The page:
Editor: Please present our readers with an overview of some of the mass tort claims cases with which you have been involved.
Gots: One of the earliest was in the agent orange litigation for Dow Chemical in the 1980s. Since then we have been involved in thousands of other cases and hundreds of mass tort claims including matters involving the City of Tuscon in which there were thousands of claimants. Those cases dealt with drinking water contamination, stemming from the 1940s when the airport would wash down airplanes with trichloroethylene. Both the city and airport were defendants in those cases. We have worked on numerous Superfund site matters, including the McColl site in California. We have worked on underground storage tank leaks, explosions at chemical facilities, tank car derailments, flare outs from chemical plants, numerous indoor environmental matters and numerous pharmaceutical liability matters.
Editor: How have Daubert and Frye underscored the need for experts who have outstanding credentials?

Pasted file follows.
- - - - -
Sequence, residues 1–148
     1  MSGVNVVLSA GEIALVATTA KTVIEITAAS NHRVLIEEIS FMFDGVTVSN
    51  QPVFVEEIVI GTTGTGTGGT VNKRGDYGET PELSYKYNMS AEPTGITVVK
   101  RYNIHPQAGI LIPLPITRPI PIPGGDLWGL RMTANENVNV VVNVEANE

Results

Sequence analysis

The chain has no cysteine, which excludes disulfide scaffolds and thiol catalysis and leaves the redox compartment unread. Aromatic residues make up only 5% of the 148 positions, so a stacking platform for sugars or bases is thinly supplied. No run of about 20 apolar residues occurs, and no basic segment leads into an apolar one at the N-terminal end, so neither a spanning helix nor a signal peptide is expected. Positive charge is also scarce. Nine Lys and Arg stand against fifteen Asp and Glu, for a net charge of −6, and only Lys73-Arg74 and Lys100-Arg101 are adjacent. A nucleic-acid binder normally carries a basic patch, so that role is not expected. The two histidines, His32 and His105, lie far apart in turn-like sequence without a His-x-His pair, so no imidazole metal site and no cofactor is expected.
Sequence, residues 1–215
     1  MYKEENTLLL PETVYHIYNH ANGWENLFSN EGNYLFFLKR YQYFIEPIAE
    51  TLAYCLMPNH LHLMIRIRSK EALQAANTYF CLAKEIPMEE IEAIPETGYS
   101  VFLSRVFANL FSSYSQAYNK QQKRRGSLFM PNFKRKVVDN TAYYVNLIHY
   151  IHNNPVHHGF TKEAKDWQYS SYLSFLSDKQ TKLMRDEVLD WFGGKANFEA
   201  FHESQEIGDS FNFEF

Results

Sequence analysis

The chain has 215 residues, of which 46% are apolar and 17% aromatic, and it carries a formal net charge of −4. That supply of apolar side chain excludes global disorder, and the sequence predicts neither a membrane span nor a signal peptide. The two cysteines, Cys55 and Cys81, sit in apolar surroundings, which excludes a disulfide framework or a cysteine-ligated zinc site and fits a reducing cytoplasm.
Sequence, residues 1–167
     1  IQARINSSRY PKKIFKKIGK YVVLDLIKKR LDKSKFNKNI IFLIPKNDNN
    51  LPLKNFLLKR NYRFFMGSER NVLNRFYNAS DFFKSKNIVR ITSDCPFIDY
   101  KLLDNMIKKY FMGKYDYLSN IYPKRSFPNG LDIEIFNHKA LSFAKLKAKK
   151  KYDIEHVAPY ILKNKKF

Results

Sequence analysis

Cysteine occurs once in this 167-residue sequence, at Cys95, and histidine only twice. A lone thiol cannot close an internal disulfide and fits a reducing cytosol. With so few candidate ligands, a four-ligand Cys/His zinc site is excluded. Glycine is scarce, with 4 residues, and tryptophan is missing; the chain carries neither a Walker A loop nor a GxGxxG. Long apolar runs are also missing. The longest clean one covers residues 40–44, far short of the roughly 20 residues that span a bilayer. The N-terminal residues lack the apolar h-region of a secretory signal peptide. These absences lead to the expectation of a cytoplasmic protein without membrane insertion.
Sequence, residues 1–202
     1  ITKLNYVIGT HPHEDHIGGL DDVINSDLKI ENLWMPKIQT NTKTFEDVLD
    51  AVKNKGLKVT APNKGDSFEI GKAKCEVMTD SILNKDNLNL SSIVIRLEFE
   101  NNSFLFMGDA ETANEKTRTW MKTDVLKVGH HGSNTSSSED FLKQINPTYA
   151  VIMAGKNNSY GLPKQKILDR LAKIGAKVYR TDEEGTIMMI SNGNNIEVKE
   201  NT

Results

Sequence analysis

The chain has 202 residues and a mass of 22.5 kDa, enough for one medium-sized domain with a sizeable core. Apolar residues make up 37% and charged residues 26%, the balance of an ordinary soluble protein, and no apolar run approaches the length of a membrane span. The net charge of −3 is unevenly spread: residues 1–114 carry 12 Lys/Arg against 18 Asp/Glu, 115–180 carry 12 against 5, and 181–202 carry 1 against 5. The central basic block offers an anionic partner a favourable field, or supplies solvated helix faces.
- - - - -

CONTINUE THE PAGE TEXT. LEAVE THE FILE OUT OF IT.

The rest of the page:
Gots: I am old enough to remember when attorneys used Rule 702 and other federal rules of evidence to exclude opposing experts for lack of relevancy or lack of ability to enlighten a jury. That was well before Daubert came about in the early 1990s. When Daubert was decided, I thought it would work to the benefit of defendants because so many claims heretofore did not involve good evidence of a causal relationship. I testified at one of the first Daubert hearings in 1993 in which the defense won a favorable decision and the plaintiff experts were excluded. Since that time we have done a tremendous amount of work on Daubert matters, both working on individual cases where we provided affidavits and brought together scientific information, accumulated various experts to help our clients, and also have been successful in getting experts excluded on the other side when they did not have good scientific support for their positions. I have written chapters in books on Daubert, including all of the elements and the scientific applications. I have also signed on to successful amicus briefs that have been submitted to both state supreme courts and the U.S. Supreme Court.